Most things in life come down to numbers, and that is the case if odds are applied to events.
Over Brexit, if politics and personal views on leaving the EU in five months time are stripped away, we can come up with odds on key outcomes. However, as the political debate around Brexit is a moving target boiling it down to odds is not easy.
It is 90 per cent plus certain that we will leave the EU next March, and the odds are probably similar against there being a second referendum. That is ironic, given that recent surveys have suggested there would be a big enough switch to change a narrow leave victory in 2016 into a narrow remain one now. However political realities are that the decision is not going to change. With that set the key issues are what trading relationship we will have with the EU and the rest of the world. Here the options are a hard Brexit with no deal, a continuing customs union, or some form of Canada-style free trade deal, with tariffs negotiated on a commodity by commodity basis.
Failure to convince the World Trade Organisation to let the UK apply it’s tariff regime has moved the odds against a no-deal Brexit. So too has inescapable economic logic. Few beyond the extreme Brexit wing of the
Conservative party believe no deal would deliver the best outcome for the UK. They may still like the politics of such a decision, but they know the economic risks would be too great. On that basis it remains a possibility, but the odds of it happening have to be in the ten per cent range.
The Canada style deal would be based around free trade, but with decisions taken about whether no tariffs would apply taken for each commodity. This works for Canada, because it is not a big trading partner of the EU, its interests being more focussed on the United States. It is hard to see the EU-27 agreeing to free trade for agricultural products unless the UK continued to fully meet their production conditions, set in the CAP. That would be politically unacceptable, so a Canada style deal may not deliver the market freedom the farming industry needs. It would also not solve the border issue here. On that basis the odds for would have to be in or around 30 per cent.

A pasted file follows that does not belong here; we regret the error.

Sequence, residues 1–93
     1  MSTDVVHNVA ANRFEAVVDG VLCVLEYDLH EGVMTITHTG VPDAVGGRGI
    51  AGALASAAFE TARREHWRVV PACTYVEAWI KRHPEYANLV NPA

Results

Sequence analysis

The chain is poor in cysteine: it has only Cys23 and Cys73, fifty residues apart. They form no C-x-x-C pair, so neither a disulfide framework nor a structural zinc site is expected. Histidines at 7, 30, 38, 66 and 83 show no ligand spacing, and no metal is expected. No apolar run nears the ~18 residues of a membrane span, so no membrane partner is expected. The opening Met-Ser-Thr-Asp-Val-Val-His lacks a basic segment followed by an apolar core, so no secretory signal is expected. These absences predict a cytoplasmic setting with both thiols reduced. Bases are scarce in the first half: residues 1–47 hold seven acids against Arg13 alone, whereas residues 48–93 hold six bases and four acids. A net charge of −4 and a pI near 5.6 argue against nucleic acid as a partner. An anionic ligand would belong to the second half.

The option which seems to be finding favour now is that the UK remains in the customs union with the EU-27. Despite the political spin that this would be temporary, in reality it would be a continuation of the
status quo and single market. This would be the same as membership of the European Economic Area and the trading relationship would then be similar to Norway. We would be free to trade with the EU-27, but would be outside the CAP and the Common Fisheries Policy. This would cause minimal trade disruption, but would prevent the UK negotiating trade deals with the rest of the world. However, so far as agriculture is concerned, the rest of the world is more interested in supplying food to the UK than buying mainstream agricultural products from us.
The odds on this option have to be around 60 per cent. It will certainly not please everyone, but it may be deliverable if Labour and the Scottish Nationalists vote for it in sufficient numbers to offset the Brexit-sceptic Conservatives. They would only not do so if they wanted to trigger a general election – and that would risk accusations that they made a difficult situation worse. This is all about politics far beyond agriculture. That means those odds for the different outcomes could shift dramatically as politics are played out in the Westminster bubble.
Markets apart, for years agricultural policy has been about reducing income uncertainty. The DEFRA minister, Michael Gove, however told the committee that monitors his department that he could give no assurances on farm support beyond 2022. He said, rightly, that only the Chancellor could give a long term commitment. That means support can no longer be taken for granted, and as time goes on that will be a big difference between the EU-27 and the UK.
The government is making no false promises about maintaining farm incomes or matching the CAP.
Agriculture will have to compete to secure support, and that will be difficult with both major parties at Westminster entirely urban-focussed in the decisions they take.